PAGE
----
• Management accountability - The Director of Children's Services should identify a senior manager who holds overall responsibility for the Family and Friends (Connected Persons) care policy (this does not need to be a dedicated post). S/he will need to ensure that the policy meets the statutory requirements, and is responsive to the identified needs of children and carers; that local authority staff understand the policy and it is applied in a consistent and fair manner across the authority; that local partners are aware of their responsibilities towards children living in Family and Friends (Connected Persons) care and are proactive in meeting those needs; that the policy is publicised sufficiently to ensure that anyone who may be considering becoming a Family and Friends (Connected Persons) carer can be aware of its content and be clear about how to contact the local authority and other agencies for further information about relevant services; and that staff who are responsible for implementing the policy have appropriate training;
  • Legal framework - it should set out, in a format which is accessible to family and friends carers and for parents, the relevant legal framework including an explanation of the authority's powers and duties in relation to Children in Need and Children Looked After, and address the effect of a Child Arrangements Order, Special Guardianship Order or Adoption Order. Information should be provided about the meaning and implications of different legal situations, the rights of carers and of the children's parents, and the nature of decisions which Family and Friends (Connected Persons) carers will be able to make in relation to the child. See Appendix: Caring for Somebody Else's Child - Options;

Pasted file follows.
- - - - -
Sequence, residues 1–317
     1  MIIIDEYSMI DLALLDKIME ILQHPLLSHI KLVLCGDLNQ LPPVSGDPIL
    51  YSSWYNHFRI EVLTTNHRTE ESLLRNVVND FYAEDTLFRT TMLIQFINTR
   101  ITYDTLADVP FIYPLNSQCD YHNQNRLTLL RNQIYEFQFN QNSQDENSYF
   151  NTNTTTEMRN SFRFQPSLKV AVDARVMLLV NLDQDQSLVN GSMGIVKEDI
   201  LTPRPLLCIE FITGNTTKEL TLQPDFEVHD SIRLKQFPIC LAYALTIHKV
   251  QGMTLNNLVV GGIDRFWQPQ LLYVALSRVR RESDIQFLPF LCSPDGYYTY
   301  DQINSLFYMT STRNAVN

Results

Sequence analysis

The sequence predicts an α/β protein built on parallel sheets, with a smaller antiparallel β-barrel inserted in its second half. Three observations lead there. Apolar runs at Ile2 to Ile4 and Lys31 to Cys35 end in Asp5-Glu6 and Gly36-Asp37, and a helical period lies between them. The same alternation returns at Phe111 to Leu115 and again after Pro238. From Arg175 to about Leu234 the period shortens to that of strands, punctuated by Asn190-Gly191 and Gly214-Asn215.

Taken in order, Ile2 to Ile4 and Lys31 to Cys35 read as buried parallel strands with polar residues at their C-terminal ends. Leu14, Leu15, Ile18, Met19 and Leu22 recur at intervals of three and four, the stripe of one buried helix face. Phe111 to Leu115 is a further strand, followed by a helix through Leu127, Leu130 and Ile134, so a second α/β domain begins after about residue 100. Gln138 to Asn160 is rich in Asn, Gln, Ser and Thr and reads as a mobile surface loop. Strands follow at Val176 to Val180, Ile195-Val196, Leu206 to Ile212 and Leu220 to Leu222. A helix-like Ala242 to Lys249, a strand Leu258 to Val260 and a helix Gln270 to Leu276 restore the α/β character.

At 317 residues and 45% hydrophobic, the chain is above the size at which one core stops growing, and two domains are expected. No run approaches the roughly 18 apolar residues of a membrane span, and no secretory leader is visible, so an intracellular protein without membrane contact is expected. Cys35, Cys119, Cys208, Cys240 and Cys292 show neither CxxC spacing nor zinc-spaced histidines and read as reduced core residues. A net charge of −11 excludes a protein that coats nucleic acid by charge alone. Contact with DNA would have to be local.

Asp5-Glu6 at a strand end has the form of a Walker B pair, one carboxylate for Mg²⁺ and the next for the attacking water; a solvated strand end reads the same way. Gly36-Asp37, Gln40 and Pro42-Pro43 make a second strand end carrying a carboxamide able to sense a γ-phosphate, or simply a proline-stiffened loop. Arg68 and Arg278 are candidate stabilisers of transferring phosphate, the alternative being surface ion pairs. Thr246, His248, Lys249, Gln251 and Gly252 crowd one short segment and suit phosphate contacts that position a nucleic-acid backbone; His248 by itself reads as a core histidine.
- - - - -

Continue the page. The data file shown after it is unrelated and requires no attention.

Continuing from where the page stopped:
• Information about services and support, including support groups - there should be clear eligibility criteria in relation to the provision of support services under section 17 of the Children Act 1989, including financial support. It is essential that services are not allocated solely on the basis of the child's legal status. No child should have to become Looked After for the sole purpose of enabling financial, practical or other support to be provided to the child's carer;
  • Financial support - it must identify how to apply for any financial help and how and when decisions are made about eligibility. A written agreement should be drawn up detailing the level and duration of the support that is to be provided, and the mechanism for review. Section 17(6) has been amended to remove the restriction on the local authority to provide financial assistance only 'in exceptional circumstances'. A local authority may now provide financial support on a regular basis under section 17;
  • Accommodation - Housing authorities and registered social landlords should be engaged to ensure that their policies recognise the importance of the role performed by Family and Friends (Connected Persons) carers, and that whenever possible Family and Friends (Connected Persons) carers living in social housing are given appropriate priority to move to more suitable accommodation if this will prevent the need for a child to become Looked After;